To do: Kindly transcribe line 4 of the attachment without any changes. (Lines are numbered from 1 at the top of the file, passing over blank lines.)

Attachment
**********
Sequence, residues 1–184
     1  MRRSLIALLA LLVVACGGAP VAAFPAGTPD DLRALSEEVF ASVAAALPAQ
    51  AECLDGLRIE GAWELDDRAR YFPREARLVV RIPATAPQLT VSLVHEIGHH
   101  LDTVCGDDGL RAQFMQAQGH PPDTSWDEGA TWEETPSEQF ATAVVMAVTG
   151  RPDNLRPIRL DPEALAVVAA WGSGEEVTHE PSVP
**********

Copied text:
   101  LDTVCGDDGL RAQFMQAQGH PPDTSWDEGA TWEETPSEQF ATAVVMAVTG